Reading Your Meter

The Electric Department encourages all of its customers to read their electric meters regularly. Because your electric bill is based on the total number of kilowatt-hours you use on a monthly basis, it is important to understand and keep track of your electrical energy use.

Your electric meter is read monthly, and your consumption is determined by subtracting the previous month's meter reading from the current month's reading. Electric meters are highly accurate and dependable tools for electric consumption evaluation.

The meter operates like the odometer in your car, registering ones, tens, hundreds, and thousands of kilowatt hours. Most of the meters in Ashland are Direct read meters. They have digits and read like the odometer on your car. A few of our meters have clock dials. Each dial has a pointer like a clock hand. You can read your electric meter by following these steps.

The direct read meters are easy to read. Just read the numbers from left to right and write them down. The clock register is a little harder to read but we will explain below. Starting with the right dial, wright down the number indicated on the face of each dial. Always record the lowest number if the hand points between two numbers.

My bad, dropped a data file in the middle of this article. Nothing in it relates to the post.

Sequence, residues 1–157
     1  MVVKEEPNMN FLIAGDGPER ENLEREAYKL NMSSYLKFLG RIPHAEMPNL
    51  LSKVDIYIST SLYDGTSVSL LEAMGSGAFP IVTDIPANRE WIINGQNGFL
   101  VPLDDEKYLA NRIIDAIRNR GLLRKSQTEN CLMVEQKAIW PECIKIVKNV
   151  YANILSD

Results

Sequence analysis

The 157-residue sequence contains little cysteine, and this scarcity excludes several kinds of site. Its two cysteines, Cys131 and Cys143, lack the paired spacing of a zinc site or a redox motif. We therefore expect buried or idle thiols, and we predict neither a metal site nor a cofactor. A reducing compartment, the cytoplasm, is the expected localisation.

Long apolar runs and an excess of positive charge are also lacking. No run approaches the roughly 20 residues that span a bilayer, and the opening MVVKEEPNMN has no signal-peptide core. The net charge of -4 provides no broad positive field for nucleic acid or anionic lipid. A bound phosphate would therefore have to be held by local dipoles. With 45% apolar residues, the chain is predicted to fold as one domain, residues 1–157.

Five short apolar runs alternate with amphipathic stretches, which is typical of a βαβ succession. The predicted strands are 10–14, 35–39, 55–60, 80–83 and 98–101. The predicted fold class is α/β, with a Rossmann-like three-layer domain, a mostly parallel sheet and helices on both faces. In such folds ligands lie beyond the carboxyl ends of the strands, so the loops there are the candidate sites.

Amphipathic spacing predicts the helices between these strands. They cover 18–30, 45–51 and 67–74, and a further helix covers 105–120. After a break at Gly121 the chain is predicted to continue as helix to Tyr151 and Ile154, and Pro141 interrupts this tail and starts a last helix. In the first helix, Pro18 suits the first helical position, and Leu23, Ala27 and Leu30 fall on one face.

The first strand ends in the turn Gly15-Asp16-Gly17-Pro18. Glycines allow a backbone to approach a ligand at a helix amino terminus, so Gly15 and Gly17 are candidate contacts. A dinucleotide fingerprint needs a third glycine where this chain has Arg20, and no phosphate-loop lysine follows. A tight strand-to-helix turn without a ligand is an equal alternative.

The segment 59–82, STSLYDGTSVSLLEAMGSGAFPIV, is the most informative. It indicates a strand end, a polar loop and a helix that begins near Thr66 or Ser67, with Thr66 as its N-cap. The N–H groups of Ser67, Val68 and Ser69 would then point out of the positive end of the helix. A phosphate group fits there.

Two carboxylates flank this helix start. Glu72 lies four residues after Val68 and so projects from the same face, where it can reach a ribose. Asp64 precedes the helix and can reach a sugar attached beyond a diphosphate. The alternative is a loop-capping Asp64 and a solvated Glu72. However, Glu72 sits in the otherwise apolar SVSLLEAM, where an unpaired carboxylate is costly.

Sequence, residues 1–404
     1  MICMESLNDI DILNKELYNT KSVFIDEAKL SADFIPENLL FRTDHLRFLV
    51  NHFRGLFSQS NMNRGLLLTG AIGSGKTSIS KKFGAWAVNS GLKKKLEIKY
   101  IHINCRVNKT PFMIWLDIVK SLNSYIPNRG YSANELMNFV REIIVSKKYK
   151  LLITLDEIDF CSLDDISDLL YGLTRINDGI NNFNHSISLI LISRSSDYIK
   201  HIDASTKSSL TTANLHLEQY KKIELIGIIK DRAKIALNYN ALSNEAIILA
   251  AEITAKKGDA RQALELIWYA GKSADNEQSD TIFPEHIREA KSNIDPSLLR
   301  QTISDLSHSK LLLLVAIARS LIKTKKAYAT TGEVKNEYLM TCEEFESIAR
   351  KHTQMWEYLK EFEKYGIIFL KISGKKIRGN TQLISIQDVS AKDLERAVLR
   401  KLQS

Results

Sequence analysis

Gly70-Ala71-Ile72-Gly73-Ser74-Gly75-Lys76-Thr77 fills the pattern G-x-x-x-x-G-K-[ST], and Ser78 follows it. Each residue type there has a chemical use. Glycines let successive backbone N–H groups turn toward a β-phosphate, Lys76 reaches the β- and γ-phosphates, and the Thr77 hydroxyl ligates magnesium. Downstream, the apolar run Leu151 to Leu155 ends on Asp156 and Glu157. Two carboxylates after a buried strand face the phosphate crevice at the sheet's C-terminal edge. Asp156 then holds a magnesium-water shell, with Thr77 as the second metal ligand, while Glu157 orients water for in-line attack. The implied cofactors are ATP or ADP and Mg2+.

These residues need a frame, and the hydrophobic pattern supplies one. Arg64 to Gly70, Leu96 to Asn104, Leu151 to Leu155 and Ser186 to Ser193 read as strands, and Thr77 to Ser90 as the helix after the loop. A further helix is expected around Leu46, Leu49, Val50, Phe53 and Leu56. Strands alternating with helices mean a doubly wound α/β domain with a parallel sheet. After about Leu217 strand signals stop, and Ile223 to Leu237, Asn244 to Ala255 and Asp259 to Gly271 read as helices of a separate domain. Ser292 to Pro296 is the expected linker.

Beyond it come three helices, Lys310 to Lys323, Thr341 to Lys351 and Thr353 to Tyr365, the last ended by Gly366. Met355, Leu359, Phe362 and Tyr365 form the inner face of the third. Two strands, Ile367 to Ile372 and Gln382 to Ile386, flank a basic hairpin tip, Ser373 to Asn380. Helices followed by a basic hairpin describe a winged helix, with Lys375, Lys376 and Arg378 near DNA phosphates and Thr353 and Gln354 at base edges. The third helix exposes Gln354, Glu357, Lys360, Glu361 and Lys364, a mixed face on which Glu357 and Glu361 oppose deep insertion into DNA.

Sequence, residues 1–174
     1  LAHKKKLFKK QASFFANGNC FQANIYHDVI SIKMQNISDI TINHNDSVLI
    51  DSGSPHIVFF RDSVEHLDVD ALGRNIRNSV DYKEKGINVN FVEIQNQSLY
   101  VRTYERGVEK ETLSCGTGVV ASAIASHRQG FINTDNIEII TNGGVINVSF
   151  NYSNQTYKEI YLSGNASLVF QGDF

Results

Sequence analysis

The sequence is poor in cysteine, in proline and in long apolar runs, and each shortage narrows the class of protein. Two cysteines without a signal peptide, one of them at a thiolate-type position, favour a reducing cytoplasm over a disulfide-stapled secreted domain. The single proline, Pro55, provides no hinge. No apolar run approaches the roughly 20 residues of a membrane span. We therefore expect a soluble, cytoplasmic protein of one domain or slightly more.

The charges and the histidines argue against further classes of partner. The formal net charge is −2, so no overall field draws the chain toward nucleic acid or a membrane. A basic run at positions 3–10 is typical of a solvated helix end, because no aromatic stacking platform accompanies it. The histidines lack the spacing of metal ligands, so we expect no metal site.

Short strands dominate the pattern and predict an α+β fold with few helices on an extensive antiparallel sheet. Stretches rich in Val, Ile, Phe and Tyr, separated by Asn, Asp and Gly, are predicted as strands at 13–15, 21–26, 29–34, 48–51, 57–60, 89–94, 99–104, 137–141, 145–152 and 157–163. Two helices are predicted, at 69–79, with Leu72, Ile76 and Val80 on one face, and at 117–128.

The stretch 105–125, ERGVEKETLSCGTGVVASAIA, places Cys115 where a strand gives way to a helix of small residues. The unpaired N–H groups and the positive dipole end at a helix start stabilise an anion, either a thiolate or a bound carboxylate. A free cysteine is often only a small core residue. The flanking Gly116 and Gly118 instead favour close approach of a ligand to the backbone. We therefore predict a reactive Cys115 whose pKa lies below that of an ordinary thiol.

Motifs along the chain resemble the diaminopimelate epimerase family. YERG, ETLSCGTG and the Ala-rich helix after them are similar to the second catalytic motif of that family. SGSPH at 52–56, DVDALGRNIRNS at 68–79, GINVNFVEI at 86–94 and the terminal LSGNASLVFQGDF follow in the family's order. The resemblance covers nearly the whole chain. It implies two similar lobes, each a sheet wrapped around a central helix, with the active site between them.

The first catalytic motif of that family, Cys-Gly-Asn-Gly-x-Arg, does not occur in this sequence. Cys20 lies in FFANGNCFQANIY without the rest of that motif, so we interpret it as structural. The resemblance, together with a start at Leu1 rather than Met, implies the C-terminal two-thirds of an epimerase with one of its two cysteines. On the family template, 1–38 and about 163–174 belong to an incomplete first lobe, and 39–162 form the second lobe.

Sometimes a hand will seem to be pointing exactly at a number. To find out if the hand has really reached that number, look at the dial to the right. If the hand on that dial has passed zero, then you should record the number the dial appears to be on. Otherwise, record the lower number. Continue until you have read all the dials. After you get your meter readings. Subtract last months or yesterdays reading from the one you just took. This will tell you how many kilowatts of electricity you used between readings.

Try reading your electric meter every day for a while. Subtract the previous day's reading from the current reading to get an idea of how many kilowatt hours you are using. Experiment with different thermostat settings and with the air conditioner or electric furnace off completely. Then you can use this information to control how much electricity you will use for cooling or heating.



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